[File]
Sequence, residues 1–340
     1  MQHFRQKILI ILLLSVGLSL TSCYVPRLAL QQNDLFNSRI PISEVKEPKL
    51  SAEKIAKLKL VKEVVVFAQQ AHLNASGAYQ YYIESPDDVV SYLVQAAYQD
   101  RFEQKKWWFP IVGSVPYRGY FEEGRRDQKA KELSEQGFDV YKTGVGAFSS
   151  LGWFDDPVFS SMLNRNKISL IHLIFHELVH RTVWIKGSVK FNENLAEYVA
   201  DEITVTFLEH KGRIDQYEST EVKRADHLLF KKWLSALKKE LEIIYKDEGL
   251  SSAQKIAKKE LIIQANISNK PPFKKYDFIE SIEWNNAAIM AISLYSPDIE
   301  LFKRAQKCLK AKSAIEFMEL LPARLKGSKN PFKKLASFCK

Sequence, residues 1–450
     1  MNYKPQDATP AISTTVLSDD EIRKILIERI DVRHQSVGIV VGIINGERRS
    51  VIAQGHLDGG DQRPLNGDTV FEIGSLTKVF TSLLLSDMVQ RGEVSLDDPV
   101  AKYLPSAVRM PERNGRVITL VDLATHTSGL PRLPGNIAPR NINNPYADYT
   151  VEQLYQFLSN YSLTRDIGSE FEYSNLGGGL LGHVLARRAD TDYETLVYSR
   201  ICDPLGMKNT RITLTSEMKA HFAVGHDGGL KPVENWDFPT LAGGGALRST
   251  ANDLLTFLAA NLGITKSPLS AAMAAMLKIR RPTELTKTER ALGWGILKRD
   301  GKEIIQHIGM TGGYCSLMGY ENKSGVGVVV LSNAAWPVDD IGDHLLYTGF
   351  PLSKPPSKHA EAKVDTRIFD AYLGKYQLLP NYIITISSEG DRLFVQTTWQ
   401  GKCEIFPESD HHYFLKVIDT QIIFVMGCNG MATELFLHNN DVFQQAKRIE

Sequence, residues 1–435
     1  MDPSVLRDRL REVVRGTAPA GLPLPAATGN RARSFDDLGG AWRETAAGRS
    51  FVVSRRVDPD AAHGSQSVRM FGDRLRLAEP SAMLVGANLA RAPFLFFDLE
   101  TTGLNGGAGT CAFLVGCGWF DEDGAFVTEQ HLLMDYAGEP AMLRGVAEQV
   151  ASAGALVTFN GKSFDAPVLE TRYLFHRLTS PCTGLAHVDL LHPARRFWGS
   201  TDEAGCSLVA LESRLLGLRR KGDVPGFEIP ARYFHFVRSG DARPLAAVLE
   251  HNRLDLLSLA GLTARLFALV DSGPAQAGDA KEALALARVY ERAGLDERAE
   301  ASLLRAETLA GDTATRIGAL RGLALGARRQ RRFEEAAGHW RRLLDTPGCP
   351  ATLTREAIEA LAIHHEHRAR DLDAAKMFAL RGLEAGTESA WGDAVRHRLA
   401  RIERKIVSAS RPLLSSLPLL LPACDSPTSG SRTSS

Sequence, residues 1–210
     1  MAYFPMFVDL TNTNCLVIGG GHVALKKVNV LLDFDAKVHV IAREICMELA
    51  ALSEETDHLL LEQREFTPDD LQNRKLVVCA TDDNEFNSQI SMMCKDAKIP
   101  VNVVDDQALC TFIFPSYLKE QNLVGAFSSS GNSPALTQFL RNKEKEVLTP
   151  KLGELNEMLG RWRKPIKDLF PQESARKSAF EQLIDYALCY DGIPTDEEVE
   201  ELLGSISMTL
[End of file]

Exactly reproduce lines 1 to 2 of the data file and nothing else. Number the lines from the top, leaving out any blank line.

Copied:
Sequence, residues 1–340
     1  MQHFRQKILI ILLLSVGLSL TSCYVPRLAL QQNDLFNSRI PISEVKEPKL